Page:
By Emmanuel Ureña
New York Congressman Adriano Espaillat is the American Dream personified. Despite a devastating loss by the Democrats across the board this past November, the Democrat from New York triumphed by locking down a seat in the House of Representatives. In doing so, he became not only the first Dominican American to be elected but, also, the first formerly undocumented immigrant to ever serve in congress.
Emigrating with his family from Santiago, Dominican Republic and settling in New York City’s Washington Heights in the 1960s, a nine-year-old Espaillat arrived in the midst of the Civil Rights Movement, the Vietnam War and left behind the Dominican Civil War (more commonly known as La Guerra de Abril). All helped to mold Espaillat for a future in public service. “Those [events] shaped me to some degree,” the congressman told NBC News. “They got me interested in public service, and civil rights, human rights.”
And so, the desire to stand up for what’s right fueled the Santiaguero to pursue a bachelor’s degree in political science at Queens College. After college, he spent the better part of his adult life serving his community, working in the Manhattan courts as a service coordinator for a non-profit organization that provided indigent legal services. Espaillat also helped resolve numerous conflicts in Washington Heights as a mediator for the Washington Heights Inwood Conflict Resolution and Mediation Center, and worked to rid Upper Manhattan of drugs and crime, which eventually concluded in the opening of a new police precinct in the area.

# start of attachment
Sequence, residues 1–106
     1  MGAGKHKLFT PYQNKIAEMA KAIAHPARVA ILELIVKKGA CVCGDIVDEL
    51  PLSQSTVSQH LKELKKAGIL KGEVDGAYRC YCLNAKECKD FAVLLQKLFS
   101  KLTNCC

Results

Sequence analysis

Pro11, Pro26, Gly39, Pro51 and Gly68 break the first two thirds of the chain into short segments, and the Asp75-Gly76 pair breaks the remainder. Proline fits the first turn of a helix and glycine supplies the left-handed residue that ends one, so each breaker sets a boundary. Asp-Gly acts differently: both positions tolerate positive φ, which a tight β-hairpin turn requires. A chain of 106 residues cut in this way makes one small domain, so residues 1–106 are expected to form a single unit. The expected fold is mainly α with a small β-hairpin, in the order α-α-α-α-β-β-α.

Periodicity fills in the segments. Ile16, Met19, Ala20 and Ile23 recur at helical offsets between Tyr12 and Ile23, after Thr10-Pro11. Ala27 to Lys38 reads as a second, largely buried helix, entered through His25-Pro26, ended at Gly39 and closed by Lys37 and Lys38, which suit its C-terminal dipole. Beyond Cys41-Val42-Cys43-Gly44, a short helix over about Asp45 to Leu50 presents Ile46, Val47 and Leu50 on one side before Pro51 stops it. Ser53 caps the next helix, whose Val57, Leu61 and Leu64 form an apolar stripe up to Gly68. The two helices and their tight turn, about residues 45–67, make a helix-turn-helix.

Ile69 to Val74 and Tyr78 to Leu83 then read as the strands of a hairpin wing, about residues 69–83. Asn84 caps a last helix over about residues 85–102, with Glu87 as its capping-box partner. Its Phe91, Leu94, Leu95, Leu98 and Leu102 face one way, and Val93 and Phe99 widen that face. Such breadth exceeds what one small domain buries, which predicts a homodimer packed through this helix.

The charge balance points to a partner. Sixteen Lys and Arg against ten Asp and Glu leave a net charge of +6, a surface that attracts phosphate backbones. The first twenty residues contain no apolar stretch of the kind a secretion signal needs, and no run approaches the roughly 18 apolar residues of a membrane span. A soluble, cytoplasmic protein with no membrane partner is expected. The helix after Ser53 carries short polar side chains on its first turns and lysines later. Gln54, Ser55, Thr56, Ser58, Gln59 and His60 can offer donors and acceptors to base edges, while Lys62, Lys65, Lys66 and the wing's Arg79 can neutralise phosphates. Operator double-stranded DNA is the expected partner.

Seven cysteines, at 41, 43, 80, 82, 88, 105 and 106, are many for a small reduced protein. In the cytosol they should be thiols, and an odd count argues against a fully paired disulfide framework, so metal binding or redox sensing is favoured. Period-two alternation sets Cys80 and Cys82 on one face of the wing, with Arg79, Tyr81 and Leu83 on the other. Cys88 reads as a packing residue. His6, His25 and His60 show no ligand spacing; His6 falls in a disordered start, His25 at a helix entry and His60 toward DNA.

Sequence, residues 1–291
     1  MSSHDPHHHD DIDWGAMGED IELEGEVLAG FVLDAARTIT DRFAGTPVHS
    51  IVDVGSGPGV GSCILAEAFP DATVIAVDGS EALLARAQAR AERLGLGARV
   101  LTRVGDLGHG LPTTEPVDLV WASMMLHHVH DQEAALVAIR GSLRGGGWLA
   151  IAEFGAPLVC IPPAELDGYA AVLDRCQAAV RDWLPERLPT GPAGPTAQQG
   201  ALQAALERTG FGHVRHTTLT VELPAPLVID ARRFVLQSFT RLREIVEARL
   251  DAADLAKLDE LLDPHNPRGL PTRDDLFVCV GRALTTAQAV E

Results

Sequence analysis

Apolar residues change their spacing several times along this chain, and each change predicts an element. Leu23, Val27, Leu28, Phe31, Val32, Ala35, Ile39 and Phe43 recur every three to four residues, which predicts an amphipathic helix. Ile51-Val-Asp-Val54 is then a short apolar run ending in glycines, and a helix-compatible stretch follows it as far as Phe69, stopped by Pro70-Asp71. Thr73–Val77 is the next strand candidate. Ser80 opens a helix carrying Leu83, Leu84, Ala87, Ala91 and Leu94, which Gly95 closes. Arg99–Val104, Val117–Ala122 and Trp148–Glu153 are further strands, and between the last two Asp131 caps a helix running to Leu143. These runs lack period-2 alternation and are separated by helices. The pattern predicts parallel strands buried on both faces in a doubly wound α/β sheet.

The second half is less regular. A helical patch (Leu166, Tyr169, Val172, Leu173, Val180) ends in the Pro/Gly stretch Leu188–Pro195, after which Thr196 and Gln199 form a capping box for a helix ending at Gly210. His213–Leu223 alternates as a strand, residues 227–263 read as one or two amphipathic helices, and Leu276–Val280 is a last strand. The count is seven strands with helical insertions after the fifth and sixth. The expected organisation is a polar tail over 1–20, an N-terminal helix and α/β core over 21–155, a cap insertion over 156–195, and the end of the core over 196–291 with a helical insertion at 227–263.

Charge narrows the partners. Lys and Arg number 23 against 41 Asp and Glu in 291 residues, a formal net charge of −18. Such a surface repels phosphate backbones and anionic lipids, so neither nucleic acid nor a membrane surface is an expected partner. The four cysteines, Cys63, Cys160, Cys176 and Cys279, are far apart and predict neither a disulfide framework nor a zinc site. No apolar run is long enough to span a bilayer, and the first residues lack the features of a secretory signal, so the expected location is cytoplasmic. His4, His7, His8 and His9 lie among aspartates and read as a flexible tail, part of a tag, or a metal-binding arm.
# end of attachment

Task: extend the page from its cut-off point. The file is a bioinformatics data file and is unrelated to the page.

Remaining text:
As a member of the New York State Assembly and the State Senate, Espaillat fought for the rights of low-income tenants, veterans, immigrants and local businesses, pushing for creation of affordable housing, helping low-income day care workers obtain the right to health care, and he also backed measures to improve hospital translation services. Under his guidance, laws were passed for harsher punishments for perpetrators of violent crimes against livery cab drivers, which was becoming an increasingly devastating problem in NYC at the time.
Yet, with all of these accomplishments, Espaillat still came up short, on not one, but two attempts to gain a U.S. Congressional seat. Losing in the primary elections to incumbent Charles Rangel by very narrow margins. But, as that old adage says, the “third time’s a charm,” and Espaillat finally made it through to the general elections where he defeated Republican Tony Evans by garnering a whopping 89 percent of the votes.
Espaillat told NBC News that he brings “that Caribbean blood [to Washington]. A certain spunk, a certain style, a certain tenacity, resilience, persistence that I think will be felt.” ¡Espaillat que vamos!
© Getty Images/MCT - (Image of him by himself)
© Getty Images/Bill Clark - (Image of him talking with people)